So why, you might ask, would the government be doing this in the first place? They will make all these accusations, as they have before—which I think are a slap in the face of the everyday Australian—implying that everyday Australians are like Putin's Russia because there's no vehicle efficiency standard. Such an argument is absolute garbage when you have this side of the House saying for well over a year that we are happy to be constructive on negotiating such a measure so long as you get those three things in balance: price, choice and emissions. You've had the industry saying that they are prepared to negotiate in good faith. But, again, they have been ignored. There's been one bad faith actor in this negotiation, and that has been the Albanese Labor government.

But why? The reason is that this government applied an arbitrary target to EV sales by 2030. They promised that 89 per cent of all new vehicle sales by 2030 would be electric vehicles. Again, it's one of those many targets by the Minister for Climate Change and Energy which is failing. Their own department was asked, 'What is the trajectory for sales of EVs by 2030?' Do you think their answer was 89 per cent? It was 27 per cent. So, instinctively, what we have seen again from this minister is an act of desperation. Knowing full well he is failing across every aspect of his policy, he knows the only way to reach that target is to slap a punitive tax on everyday Australians to force them to buy the cars he wants them to buy. That's the only way he can achieve his target.

We've seen it right across the board. We know that's what's happening with his 82 per cent renewables target by 2030. That's running at somewhere between one-fifth and half of the pace required. Again, they're steamrolling over regional communities to achieve that target, and now they're going to be steamrolling over everyday Australian families to achieve the EV target.

To be crystal clear where we stand on this: have we ever had a problem, in principle, with the idea of a vehicle efficiency standard? No, which is why we've been on public record saying we're happy for a discussion on this. Have we set principles around it? Yes, we have: price, choice and emissions need to be balanced. Again, that balance has not been struck, which is why we are looking at this and shaking our heads yet again. What we see, in the market, is people being forced, if Labor gets this through, to choose the cars that Labor wants.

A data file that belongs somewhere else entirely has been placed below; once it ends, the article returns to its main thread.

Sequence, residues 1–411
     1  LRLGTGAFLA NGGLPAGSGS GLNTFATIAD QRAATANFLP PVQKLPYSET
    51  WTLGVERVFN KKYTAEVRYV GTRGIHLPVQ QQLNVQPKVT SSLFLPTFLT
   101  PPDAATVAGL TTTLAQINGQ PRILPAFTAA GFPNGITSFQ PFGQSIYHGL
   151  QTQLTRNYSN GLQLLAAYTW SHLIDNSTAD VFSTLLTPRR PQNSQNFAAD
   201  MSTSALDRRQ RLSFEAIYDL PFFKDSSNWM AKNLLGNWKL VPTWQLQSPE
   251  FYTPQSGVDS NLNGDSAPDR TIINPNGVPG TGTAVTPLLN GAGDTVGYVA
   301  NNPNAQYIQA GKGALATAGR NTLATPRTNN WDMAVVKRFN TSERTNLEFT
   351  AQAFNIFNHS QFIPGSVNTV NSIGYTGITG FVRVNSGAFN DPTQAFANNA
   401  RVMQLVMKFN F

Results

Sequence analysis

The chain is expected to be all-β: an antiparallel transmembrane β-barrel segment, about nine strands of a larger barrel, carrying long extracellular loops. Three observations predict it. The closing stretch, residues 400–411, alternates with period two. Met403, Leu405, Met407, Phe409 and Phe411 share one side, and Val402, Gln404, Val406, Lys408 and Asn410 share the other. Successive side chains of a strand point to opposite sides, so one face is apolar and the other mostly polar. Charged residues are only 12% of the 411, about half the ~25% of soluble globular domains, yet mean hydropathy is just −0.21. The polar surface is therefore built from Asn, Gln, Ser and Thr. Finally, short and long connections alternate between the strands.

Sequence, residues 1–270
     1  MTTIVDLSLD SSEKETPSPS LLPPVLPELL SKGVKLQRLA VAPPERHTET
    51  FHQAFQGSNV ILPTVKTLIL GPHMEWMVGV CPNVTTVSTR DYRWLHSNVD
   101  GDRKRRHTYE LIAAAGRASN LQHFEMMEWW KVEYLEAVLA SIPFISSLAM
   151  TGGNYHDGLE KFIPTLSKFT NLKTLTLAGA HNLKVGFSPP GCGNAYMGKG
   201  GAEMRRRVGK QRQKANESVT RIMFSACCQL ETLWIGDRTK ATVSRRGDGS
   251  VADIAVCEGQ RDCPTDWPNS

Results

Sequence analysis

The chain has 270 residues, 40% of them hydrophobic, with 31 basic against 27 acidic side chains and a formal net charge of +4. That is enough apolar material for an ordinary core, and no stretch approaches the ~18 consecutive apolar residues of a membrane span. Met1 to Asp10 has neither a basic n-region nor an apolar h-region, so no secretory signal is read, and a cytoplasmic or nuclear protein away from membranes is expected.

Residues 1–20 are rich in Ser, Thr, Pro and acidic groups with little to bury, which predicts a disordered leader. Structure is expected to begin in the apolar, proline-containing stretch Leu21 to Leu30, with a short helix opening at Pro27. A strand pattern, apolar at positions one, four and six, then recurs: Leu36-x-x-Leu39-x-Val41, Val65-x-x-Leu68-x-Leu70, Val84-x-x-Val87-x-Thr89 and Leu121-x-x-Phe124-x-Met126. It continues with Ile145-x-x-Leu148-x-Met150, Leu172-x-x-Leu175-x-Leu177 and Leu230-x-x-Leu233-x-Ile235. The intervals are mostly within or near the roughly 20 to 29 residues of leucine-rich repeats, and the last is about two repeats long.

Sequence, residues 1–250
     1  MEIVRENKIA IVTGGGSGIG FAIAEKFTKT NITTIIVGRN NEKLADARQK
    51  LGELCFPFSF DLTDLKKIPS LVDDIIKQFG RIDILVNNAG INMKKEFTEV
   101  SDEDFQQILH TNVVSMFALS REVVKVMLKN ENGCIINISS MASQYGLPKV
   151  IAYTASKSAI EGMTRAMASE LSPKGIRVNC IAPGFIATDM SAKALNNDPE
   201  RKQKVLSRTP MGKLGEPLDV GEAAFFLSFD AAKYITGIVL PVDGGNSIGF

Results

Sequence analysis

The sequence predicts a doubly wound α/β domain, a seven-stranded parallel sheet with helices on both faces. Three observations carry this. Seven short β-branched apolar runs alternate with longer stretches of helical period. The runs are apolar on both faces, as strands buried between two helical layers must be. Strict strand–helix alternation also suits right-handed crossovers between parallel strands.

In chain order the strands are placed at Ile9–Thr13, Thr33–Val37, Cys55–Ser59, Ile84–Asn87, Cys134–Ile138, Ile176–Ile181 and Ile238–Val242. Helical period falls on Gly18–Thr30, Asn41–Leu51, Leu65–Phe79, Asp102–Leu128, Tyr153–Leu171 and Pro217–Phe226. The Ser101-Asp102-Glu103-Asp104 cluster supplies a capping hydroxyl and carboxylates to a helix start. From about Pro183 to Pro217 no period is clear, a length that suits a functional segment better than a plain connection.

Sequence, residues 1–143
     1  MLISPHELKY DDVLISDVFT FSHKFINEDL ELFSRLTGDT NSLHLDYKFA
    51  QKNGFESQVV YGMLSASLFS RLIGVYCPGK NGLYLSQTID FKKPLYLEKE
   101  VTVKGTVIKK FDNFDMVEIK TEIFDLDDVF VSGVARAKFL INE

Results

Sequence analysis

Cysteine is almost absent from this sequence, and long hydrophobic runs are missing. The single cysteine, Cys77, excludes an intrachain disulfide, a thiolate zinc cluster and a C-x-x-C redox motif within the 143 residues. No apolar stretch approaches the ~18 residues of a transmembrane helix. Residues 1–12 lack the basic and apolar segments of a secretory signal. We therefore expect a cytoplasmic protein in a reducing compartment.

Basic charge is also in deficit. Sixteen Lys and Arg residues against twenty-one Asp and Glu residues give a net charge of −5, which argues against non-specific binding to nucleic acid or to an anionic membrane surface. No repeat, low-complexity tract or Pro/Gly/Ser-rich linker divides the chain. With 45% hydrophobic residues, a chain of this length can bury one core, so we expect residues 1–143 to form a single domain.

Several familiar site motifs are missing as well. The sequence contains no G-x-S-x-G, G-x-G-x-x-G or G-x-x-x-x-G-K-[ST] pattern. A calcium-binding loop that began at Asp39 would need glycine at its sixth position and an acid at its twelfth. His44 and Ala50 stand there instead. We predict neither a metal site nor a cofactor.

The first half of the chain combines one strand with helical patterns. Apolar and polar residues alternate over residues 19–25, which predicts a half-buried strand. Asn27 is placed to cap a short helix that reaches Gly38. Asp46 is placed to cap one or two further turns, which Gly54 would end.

Is there any problem with buying an electric vehicle? Of course there's not. The Australian consumer deserves to have the right to choose whatever vehicle suits him, her, or their family. Now, for some people, that will be an EV, and that's a good thing. But, for other people, especially in regional and remote areas, they can't even contemplate the possibility, and, for other families, the variance of price point just means it's out of reach. Now, in the midst of a cost-of-living crisis, they should not be forced to purchase a vehicle because we have inept minister of government falling short of his targets.

This is why we put this motion to the House: the government has botched this so much. We do require a standing committee to bring light to the darkness of their lack of transparency. We need a standing committee to expose the truth behind what has been a series of untruths perpetrated by this minister and also the minister for transport. For that series of reasons, I put that motion to the House.

Milton Dick

Is the motion seconded?

Long debate text truncated.


Date and time: 12:12 PM on 2024-03-27
Allegra Spender's vote: No
Total number of "aye" votes: 74
Total number of "no" votes: 63
Total number of abstentions: 13
Related bill: New Vehicle Efficiency Standard Bill 2024

Adapted from information made available by

Continue Reading